Growing up, my mom made nearly everything from scratch; if she didn’t, she certainly could. Chicken stock. Cheese soup. Gorgeous cakes before the age of Pinterest. Egg rolls. Yup, I said egg rolls. She made lasagne that was to die for. I grew up knowing you could make nearly anything yourself and she took great pride in that.
Yogurt however, was not something I ever knew you could make at home. Not until I was 17 and working at a Lebanese restaurant did I have my first exposure to “homemade” yogurt, called lubin, which was a base for their house dressing as well as a side for stuffed grape leaves. I remember watching the cook in awe as she heated the milk, and then added yogurt, and like magic, the next day, there was new lubin!
I didn’t understand the science of it until much later. Yogurt is a fermented food. Chances are you have had other fermented foods, even if you don’t know it. Sauerkraut, kimchi, sourdough bread, beer and Kombucha are all fermented foods. At its most basic level, fermentation is the process of using bacteria and other microorganisms to alter the state of your food. In yogurt, “good bacteria,” are added to milk heated to a specific temperature, which allows the bacteria to flourish and digest the milk, altering its chemical structure, and make wonderful yogurt.
Ready to give it a try? I promise it’s worth it. In addition to being super simple, making your own yogurt is economical (this recipe calls for a little less than half a gallon and you end up with about a quart.) You also eliminate any potential additives, and have a myriad of sweetening choices and flavor additions when you start with a blank canvas. Plus, when you make it at home, you know its gluten-free!
6CupsWhole MilkFeel free to use 2%, but don't go less. The texture isn't very good.
1Cup Heavey Whipping CreamGo ahead and add milk instead if you are worried about the fat, this makes for creamier, thicker yogurt.
4 Oz,Full Fat Live Culture Plain YogurtIt doesn't matter what kind, just be sure it has live, or active cultures. (If my starter goes kaput, I usually re-start with Fage, or Chobani) 2% can be subsituted.
Servings: Quart, plus starter
You won't need most of your special equipment until Day 2- so if you don't have cheese cloth or a strainer don't worry. You do however need a thermometer today. Pour your milk and cream into your crockpot.Measure 6 Cups of Milk, and 1 Cup of cream and add it to your slow cooker. Turn it on to High.
Insert your thermometer. The goal is to reach about 180-185 degrees. If you have an alarm on your thermometer, set it for that temp. If you don't have an alarm, just check back every 30 min. or so. Every crock pot is different, but mine takes about 3 hours to get to 185 degrees.
When your temp reaches 185 degrees, turn off your slowcooker, and keep the lid on. Keep your thermometer in too. Now you want the temperature to drop to 115-120 degrees. In my slow cooker, this takes about 2 hours. Check on it after an hour, then every half hour or so.
When you reach 115-120 degrees, go ahead and add your yogurt. I usually do this by tablespoonful, all over the slow cooker for optimal distribution.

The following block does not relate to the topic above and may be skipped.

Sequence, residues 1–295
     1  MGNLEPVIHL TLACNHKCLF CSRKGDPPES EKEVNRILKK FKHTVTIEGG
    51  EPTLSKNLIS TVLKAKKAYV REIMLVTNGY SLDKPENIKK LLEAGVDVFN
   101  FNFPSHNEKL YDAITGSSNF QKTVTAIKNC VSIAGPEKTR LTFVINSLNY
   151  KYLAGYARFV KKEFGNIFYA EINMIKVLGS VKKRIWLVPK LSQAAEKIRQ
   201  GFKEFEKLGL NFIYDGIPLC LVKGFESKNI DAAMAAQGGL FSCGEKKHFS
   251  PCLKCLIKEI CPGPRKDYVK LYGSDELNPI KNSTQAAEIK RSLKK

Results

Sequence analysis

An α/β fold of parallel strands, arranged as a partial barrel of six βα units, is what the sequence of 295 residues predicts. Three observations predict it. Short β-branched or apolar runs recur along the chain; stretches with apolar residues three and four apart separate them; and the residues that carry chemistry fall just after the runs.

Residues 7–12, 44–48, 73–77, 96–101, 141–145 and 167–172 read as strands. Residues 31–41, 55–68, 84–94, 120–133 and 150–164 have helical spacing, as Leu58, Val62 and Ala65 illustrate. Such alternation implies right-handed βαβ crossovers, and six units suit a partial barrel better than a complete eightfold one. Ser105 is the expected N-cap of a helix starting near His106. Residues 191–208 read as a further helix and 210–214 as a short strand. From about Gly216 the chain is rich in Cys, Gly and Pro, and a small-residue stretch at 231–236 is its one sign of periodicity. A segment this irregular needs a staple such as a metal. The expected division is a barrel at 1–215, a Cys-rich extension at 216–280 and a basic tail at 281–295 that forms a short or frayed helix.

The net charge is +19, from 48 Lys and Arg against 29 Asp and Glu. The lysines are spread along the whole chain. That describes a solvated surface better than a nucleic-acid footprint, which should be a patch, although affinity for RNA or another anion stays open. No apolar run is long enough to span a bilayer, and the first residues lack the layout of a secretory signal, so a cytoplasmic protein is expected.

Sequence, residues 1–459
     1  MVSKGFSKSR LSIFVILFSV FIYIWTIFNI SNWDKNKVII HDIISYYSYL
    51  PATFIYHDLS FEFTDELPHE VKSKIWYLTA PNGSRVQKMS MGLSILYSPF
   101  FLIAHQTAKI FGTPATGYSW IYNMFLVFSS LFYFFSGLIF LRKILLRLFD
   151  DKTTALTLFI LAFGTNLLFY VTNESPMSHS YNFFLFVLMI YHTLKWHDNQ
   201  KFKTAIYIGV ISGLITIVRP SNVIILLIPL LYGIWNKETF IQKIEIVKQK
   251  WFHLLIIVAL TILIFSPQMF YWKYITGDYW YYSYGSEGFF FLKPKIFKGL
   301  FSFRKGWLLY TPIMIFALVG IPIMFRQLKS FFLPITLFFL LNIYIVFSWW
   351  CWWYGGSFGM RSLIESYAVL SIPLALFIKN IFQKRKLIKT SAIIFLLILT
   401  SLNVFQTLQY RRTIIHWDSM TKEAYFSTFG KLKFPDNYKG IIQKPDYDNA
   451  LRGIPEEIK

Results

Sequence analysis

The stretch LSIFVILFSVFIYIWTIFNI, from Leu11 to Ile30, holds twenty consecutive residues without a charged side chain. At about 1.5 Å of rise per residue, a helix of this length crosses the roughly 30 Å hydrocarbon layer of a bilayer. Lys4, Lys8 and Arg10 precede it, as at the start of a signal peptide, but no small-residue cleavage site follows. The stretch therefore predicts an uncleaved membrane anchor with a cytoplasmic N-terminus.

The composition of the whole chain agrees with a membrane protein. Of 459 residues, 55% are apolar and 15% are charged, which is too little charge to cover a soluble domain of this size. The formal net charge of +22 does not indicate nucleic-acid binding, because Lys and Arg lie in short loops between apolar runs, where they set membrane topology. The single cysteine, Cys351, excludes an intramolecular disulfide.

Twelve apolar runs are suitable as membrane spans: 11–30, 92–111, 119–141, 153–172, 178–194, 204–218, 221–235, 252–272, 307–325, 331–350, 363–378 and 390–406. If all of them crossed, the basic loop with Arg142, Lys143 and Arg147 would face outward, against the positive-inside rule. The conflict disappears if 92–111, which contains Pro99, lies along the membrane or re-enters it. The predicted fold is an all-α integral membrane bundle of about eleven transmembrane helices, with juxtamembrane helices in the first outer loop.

Put your lid back on, and find something to do for the next 18-24 hours. When you check your yogurt, it should be thick, with a little liquid on top, but not super runny. If it is still runny, just put the lid back on a walk away for a few more hours.
When your yogurt is thick, its time to set up your draining rig. I use a bowl that fits my strainer snugly, and drape a double layer of cheesecloth over my rig. (If I am in hurry, a single layer works fine, but if you have the time, double leaves less of the yogurt in your whey.)
Then, using a soup ladle (or other spoon large enough to move thick yogurt efficiently,) move your yogurt into the strainer. You will have about 8 oz. of yogurt left, put that in a small container and put a lid on it- that's your new starter for next time, so you won't have to buy another yogurt.
Take your strainer rig and SUPER CAREFULLY, move it to your fridge for at least 2 hours, or until the yogurt is the consistency you want it. For me, this is usually 4 hours. I like thick yogurt.
After your yogurt has strained completely, you can finagle your yogurt into a suitable container (a widemouth quart container works well for this.) and Voila! You've got yogurt!
Now, what to do with the liquid you are left with? It's called whey. I have frozen it and used it in smoothies, and some people use it in place of water when they bake bread (I have not been successful with this and GF flours, if you have success, let me know your secret!) You can also throw in in thick soups like butternut squash, or cheese soup. It has a mild flavor, and all the good bacteria that's running around in your yogurt too!
Don't use milk or cream labeled UHT (Ultra High Temp.) The temperatures used to pasteurize milk labeled UHT exceed the temperatures that keep specific enzymes in tact, and your yogurt won't set.
Make sure your starter yogurt isn't expired. Yogurt cultures can live a while (withing a week of making it is ideal) in your fridge, but not indefinitely. When in doubt, buy a fresh one. If you have one of the fancy yogurt starter packets, you can use these in the same way and at the same time during cooking, just sprinkle them into your cooled milk.
Should you want to make sweetened yogurt (or vanilla), you can add about 1/2 c. honey or maple syrup after it comes to 185 degrees. Just whisk it in before returning the lid. If you want vanilla yogurt, add a TBSP of vanilla extract with your sweetener. You can still keep a starter for next time, but you will have a sweetened starter, so you will have to sweeten any subsequent batches made from that starter.
Why 185 and 120? Bringing the milk to 185 degrees breaks down proteins to help the microorganisms digest them and reproduce. You add the milk at 120 so that the heat doesn't kill any good bacteria.